Law firm Baker McKenzie has raised the pay of newly qualified solicitors to £110,000, above the level offered by some ‘magic circle’ rivals, as employers take different approaches to tackle the economic downturn.
Baker McKenzie raised the salaries of London-based junior lawyers by £5,000 on Tuesday, becoming the latest firm to take a more aggressive stance on attracting talent.
Several other firms have increased the salaries of junior solicitors in the past two weeks, including Herbert Smith Freehills, which has raised the salaries of new qualifiers by 14% to £120,000.
However, other law firms have avoided pay increases due to economic uncertainty.
In June, Allen & Overy told staff it would not raise the salaries of its most junior solicitors to more than £107,500. In a statement, the company said the move was a “prudent decision based on a number of factors, including the more challenging trading environment.”
Linklaters has emailed staff in recent weeks to say it won’t be “rushing” to match rivals’ pay rises. The email, first reported by the Legal Cheek website, said: “We don’t think the right course of action is to rush to match salaries to NQ level without giving due consideration to the impact of any changes and the wider economic context”.
Freshfields rivals Bruckhaus Deringer and Clifford Chance have both raised the pay of newly qualified solicitors to £125,000 in recent months.
During the pandemic, law firms have experienced a severe shortage of talent, as record deals have pushed the salaries of the most junior lawyers to over £160,000 at the most profitable firms.
Akin Gump Strauss Hauer & Feld is now paying £179,000 to newly qualified lawyers based in London, following a change in the exchange rate used to convert dollars to pounds.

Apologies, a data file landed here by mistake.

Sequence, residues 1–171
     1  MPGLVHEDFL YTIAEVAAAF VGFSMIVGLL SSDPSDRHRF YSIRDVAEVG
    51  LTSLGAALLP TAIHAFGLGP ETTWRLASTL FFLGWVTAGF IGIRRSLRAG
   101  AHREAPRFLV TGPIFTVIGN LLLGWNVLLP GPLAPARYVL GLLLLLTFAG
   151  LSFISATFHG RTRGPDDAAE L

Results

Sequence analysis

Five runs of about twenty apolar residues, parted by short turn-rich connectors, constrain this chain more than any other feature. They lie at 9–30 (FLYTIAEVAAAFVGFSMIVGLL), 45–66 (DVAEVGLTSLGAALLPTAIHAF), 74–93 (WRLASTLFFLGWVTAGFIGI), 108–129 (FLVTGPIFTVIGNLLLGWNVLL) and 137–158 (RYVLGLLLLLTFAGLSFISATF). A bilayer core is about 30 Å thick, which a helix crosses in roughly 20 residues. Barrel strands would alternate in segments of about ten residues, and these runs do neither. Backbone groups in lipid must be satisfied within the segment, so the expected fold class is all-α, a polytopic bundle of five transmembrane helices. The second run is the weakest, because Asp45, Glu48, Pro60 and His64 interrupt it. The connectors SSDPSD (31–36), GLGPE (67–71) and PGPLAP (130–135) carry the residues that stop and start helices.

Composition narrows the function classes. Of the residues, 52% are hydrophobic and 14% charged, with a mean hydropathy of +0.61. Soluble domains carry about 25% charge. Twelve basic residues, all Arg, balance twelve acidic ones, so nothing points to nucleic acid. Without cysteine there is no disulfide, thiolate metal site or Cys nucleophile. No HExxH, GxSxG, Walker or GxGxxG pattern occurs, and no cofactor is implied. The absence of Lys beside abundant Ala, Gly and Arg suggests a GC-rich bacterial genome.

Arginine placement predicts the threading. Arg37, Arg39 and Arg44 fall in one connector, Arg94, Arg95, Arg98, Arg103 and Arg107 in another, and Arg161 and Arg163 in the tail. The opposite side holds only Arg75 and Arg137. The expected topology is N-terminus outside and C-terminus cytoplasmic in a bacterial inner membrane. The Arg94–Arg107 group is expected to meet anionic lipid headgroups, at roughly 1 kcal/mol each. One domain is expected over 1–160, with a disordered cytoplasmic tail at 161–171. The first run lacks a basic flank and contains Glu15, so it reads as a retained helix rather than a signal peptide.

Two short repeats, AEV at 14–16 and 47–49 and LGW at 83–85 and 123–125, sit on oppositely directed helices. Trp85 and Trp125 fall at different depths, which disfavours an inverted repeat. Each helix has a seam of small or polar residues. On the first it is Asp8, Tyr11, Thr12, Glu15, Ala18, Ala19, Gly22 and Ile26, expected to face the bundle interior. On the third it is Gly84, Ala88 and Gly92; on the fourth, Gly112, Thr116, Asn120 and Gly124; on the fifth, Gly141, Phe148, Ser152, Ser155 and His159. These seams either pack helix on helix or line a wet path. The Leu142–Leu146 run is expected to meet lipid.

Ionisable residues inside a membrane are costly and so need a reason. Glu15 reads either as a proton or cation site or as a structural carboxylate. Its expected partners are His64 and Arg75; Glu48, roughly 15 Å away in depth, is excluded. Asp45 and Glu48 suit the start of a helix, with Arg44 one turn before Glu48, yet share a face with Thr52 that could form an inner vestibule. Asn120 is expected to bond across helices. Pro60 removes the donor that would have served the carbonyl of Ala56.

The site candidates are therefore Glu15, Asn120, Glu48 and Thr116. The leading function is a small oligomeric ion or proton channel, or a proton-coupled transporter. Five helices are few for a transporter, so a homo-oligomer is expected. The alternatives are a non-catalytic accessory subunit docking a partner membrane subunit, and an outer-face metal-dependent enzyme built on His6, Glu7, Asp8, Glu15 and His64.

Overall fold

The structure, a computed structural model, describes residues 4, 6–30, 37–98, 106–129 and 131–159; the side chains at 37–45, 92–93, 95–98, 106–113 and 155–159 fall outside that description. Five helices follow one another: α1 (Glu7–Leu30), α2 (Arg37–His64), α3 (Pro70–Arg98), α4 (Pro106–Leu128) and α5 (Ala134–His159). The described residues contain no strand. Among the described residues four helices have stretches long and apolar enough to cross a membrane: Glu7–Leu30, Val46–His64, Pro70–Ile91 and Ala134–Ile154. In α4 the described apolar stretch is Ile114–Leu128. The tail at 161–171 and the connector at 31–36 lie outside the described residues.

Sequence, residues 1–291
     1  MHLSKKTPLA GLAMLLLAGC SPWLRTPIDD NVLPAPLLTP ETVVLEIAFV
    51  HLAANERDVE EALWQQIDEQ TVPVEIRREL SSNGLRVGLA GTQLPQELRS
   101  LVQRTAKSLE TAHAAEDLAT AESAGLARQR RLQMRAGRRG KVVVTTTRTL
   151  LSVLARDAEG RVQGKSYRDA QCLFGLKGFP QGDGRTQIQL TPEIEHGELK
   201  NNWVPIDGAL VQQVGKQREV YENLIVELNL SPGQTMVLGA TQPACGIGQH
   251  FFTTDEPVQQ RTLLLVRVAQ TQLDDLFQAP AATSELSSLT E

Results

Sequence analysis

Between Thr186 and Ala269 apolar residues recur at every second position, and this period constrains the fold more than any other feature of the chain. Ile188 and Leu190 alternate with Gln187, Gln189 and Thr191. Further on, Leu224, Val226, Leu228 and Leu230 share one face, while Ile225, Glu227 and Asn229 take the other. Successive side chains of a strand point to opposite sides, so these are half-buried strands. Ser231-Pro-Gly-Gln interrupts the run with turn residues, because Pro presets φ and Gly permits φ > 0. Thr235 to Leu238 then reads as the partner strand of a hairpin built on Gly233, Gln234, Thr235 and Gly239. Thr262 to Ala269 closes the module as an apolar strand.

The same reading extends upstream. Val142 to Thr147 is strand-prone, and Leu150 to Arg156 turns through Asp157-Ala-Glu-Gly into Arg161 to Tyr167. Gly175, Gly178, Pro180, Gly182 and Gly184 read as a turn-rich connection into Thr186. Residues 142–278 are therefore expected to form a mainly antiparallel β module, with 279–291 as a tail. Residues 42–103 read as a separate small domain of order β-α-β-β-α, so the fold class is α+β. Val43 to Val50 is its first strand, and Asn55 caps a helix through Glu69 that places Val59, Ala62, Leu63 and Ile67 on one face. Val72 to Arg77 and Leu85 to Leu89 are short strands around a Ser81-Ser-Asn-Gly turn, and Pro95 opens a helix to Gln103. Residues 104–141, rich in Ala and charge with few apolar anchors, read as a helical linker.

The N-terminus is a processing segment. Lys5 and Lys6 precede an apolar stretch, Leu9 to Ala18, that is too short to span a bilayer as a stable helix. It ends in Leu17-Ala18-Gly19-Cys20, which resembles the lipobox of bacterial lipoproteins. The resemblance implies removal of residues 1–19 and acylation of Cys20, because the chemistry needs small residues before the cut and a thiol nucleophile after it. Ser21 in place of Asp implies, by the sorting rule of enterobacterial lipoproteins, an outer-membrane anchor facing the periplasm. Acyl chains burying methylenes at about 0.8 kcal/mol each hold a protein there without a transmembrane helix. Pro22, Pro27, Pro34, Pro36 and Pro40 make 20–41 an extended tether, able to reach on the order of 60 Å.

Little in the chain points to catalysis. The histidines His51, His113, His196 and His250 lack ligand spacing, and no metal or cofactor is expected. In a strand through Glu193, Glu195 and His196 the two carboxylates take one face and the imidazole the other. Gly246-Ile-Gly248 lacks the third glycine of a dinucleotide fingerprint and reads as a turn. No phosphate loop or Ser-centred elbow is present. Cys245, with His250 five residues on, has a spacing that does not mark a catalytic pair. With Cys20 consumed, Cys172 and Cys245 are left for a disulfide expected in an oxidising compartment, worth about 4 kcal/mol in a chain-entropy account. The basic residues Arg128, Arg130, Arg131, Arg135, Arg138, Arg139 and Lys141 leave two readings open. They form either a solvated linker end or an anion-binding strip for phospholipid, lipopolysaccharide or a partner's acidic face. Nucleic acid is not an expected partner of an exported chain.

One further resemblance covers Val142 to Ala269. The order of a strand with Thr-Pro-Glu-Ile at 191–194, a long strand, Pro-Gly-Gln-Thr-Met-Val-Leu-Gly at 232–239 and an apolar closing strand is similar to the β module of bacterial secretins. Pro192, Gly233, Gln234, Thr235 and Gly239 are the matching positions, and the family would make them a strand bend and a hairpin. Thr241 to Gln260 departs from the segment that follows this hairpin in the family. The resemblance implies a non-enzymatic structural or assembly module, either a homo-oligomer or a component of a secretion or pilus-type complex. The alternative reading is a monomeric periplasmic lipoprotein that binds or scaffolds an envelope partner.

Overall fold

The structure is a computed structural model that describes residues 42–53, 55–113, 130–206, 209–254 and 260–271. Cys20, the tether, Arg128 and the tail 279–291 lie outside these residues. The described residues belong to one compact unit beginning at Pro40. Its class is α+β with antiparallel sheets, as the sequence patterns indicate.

But soaring inflation, tougher regulations and the war in Ukraine are now weighing on the demand for lawyers.
Kathleen Harris, head of the London office of US law firm Arnold & Porter, said: “I think we are in uncertain times overall, economically. . . We are in a very difficult position to predict what the future will look like – we have seen the general rumblings around what is going to happen with taxation, we all know the cost of living has gone up. . . What this means overall for wages in a service-oriented industry is unclear.
“I don’t feel like I did last year, where there was a real rush to get everyone to follow the wage war. . . This year feels. . . more thoughtful.
Recent salary increases for junior lawyers have triggered a wider overhaul of salaries at firms such as Slaughter and May. In April, the firm granted raises of up to 20% to partners to create a wider gap between the salaries of the most junior and the most experienced lawyers.
Ed Poulton, London managing partner of Baker McKenzie, which had revenue of $3.1 billion in the year to the end of June 2021, said pay for newly qualified lawyers had been increased as part of a salary review for all associates over the summer.
“If you increase the NQ salary, you should immediately assess the impact on the entire salary range,” he said. “It’s a tough balance between paying competitively for juniors and making sustainable business decisions.”